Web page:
I don't want to tell too much about this book, lest I spoil it. I bring a lot of baggage of my own and all my 76 years to reading it, but others who have enjoyed it equally are young and not so burdened. I even, myself, refrained from reading the account from the Guardian of his lecture shortly after the book was published, less than a year ago. I also refrained from learning how he happened to have Anglican parents, until at the end of the book he made it plain himself. Besides, using Wikipedia you have to look out for the all-Dutch (so to speak), Dutch Reformed and/or anthropological de Waals. So far as I have been able to ascertain they aren't even related (Waal is a toponym) or so remotely as to make no difference.
I took the title of this Post from de Waal's response to a person in England who told him, Shouldn't the netsuke go back to Japan? (Questions like that are really accusations). As a person who collects bronze coins with a view to gathering ones that go together, whose study can contribute to their understanding (since they came to me already devoid of context and are not of truly "collectable" quality as regards condition), I fully appreciate what he said:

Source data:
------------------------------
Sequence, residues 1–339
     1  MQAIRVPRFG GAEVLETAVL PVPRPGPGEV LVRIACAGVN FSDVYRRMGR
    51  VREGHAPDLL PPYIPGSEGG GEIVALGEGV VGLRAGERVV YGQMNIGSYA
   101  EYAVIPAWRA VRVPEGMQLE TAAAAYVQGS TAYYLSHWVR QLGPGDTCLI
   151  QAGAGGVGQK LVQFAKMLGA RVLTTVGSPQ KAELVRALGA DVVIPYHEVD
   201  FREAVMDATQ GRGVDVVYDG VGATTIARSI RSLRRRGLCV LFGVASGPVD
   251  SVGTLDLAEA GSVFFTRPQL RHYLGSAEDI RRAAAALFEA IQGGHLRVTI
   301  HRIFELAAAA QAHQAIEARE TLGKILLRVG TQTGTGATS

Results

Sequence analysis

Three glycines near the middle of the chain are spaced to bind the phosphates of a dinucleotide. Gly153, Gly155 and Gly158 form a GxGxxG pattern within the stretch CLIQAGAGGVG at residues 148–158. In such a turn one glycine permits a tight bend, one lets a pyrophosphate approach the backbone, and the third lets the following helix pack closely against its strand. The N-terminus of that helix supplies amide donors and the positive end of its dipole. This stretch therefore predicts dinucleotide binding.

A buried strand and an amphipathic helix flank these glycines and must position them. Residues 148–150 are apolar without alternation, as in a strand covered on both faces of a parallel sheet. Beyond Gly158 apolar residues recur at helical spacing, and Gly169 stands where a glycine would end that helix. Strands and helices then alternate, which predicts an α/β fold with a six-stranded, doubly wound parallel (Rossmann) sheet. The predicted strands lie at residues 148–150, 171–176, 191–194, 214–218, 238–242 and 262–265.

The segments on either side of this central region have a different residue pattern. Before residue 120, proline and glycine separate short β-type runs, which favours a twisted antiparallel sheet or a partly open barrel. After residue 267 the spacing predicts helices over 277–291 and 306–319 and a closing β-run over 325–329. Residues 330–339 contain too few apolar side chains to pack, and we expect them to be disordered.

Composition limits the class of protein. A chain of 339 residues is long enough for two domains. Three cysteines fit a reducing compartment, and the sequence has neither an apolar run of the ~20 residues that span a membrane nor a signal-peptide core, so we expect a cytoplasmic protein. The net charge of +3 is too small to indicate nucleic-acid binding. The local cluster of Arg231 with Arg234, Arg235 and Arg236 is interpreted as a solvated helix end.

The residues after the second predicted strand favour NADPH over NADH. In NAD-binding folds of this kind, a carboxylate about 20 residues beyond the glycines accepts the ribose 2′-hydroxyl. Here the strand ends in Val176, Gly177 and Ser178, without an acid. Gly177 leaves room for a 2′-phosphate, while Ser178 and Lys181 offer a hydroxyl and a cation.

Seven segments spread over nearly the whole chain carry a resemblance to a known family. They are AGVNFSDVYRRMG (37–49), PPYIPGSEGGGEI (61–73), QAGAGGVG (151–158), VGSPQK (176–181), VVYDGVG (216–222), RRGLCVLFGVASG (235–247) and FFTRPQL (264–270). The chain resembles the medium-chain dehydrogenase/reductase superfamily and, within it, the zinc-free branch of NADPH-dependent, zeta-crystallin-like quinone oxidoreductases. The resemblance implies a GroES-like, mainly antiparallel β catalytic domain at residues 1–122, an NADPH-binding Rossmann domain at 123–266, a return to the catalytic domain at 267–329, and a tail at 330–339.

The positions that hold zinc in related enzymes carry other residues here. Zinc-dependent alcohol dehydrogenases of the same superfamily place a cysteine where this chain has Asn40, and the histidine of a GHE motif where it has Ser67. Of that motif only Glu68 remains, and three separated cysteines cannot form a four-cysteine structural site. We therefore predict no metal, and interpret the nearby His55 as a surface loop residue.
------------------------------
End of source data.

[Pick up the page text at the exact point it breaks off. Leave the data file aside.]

"No, I answer. Objects have always been carried, sold, bartered, stolen, retrieved and lost. People have always given gifts. It is how you tell their stories that matters."
* There has always been a question about the caption in Sherman Lee's History of Far Eastern Art, that the Yu in the shape of a bear (or feline) is in the Sumitomo collection (which is in Kyoto). The Cernuschi acquired it in 1920, and, clever as Japanese craftsmen are, I am quite sure that there aren't two of these, of which one would be a replica. I bought a poster, but I can't find it. When I do, I'll scan and post that image. Meanwhile, the photo above, which is probably older than I am and perhaps out of copyright, should be regarded as for 'fair use' only.